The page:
Welcome to week 26. 14 weeks to go!
Last week your baby was the size of an acorn squash. This week they are roughly the size of a zucchini. Your little one measures 13.8 inches (35.1 cm) and weighs 2 pounds (913 grams).
Your baby’s eyes are still shut but are now almost fully developed and will soon be ready to open. Their eyes are blue and may not display their final color until a few months after birth.
Your baby’s brain is maturing and growing rapidly. Their brain-wave activity is kicking in at this stage in their fetal development. This is exciting because not only can they hear noises, but they can now respond to them with an increase in pulse rate or activity. This sense will continue to improve as their hearing sharpens throughout their time in your belly. By 26 weeks, your baby will react to sounds, and some research points to even earlier responses.
If you would rather not sing, you can always play music. A small pilot study found that listening to music decreased stress and anxiety in pregnant mothers. Another study found that listening to music during pregnancy is associated with higher levels of well-being and reduced symptoms of postpartum depression in the first three months after birth. You are not doomed to never bond with your baby or have postpartum depression if you aren’t a music lover. If you listen to music regularly, by all means, keep doing it.
There is a lot of research going back decades that babies react to their mothers’ voices in the womb and prefer their mothers’ voices over other voices. Part of this may be that your voice sounds different to your baby because the sounds resonate through your body differently than external sounds.
You are about two-thirds of the way through your pregnancy. This week your uterus is about two and a half inches above your belly button.
In addition to your blood type, you have a positive or negative Rh factor. If you are Rh-negative and your baby’s father is Rh-positive, your baby may be Rh-positive. This means incompatibility is possible when your blood and your baby’s blood are mixed. Usually, this doesn’t happen. An injury, like a car accident, could cause your and your baby’s blood to come into contact. This can also occur if you have a miscarriage or an external cephalic version, a procedure to try and flip a breech baby, with an invasive test like amniocentesis or CVS, or during the birth process with interventions like using forceps, a vacuum, or a cesarean section. To prevent incompatibility, RhoGAM is given as a shot at 26-28 weeks to prevent your immune system from attacking your baby’s blood. This works similarly to a vaccine. If you have a negative blood type, please check out this episode on the pros and cons of RhoGAM.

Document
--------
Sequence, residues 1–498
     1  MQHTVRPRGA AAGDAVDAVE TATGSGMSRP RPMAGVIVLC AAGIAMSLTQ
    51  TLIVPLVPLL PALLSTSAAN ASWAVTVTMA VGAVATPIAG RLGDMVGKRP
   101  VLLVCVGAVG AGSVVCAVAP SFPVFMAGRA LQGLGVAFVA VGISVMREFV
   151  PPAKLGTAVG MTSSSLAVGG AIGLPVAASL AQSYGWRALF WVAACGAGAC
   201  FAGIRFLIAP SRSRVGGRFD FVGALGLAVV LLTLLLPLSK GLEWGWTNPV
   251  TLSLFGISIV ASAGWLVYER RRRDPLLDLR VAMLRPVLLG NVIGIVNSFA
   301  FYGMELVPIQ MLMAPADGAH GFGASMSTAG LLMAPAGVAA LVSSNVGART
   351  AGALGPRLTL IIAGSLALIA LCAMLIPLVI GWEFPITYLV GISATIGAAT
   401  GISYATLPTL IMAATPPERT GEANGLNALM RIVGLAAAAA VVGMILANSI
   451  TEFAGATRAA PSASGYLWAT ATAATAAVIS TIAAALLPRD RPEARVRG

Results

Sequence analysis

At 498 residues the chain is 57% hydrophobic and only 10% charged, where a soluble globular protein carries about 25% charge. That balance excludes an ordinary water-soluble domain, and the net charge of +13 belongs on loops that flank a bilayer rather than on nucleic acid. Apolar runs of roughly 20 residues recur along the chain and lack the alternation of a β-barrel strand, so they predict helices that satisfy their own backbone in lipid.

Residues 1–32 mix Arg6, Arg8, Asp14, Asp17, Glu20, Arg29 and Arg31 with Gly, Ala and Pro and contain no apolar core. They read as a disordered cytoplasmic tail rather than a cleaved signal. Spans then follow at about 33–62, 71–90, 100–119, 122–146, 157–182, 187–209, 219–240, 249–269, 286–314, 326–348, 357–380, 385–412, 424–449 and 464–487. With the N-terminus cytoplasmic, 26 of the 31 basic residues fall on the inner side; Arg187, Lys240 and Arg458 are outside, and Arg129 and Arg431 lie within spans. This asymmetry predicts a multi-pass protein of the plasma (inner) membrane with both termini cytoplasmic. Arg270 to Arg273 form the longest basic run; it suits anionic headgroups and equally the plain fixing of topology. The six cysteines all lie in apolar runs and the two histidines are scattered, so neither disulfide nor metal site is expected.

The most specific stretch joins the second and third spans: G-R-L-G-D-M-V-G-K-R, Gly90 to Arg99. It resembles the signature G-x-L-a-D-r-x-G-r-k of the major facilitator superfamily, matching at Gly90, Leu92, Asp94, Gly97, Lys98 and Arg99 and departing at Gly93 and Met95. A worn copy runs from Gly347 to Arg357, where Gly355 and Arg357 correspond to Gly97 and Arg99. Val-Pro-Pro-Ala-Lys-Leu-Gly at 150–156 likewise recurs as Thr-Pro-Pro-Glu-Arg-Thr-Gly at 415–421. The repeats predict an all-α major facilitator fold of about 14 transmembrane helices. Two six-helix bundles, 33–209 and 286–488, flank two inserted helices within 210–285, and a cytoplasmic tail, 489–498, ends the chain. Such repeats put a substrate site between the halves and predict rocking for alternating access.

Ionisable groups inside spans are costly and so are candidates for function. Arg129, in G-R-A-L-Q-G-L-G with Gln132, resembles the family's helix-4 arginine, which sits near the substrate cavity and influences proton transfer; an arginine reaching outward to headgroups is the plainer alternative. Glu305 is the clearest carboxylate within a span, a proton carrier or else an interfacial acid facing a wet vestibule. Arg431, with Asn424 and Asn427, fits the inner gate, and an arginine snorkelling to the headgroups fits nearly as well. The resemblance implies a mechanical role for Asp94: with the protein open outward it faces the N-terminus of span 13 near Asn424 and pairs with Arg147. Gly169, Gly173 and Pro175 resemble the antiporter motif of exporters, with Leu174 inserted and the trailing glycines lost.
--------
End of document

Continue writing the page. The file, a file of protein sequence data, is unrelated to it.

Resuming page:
Braxton Hicks contractions are sporadic contractions that many pregnant women experience during the second and third trimesters. Like everything pregnancy-related, they will be different for everyone. Occasionally they can be strong but usually are more uncomfortable than painful. See the episode on Braxton Hicks contractions to learn more.
Tip for Dads and Partners
Talk to your baby. This may seem a little silly initially, but they can hear and respond to familiar sounds, such as your voice, with movement. When they are born and hear your voice, they will recognize it.
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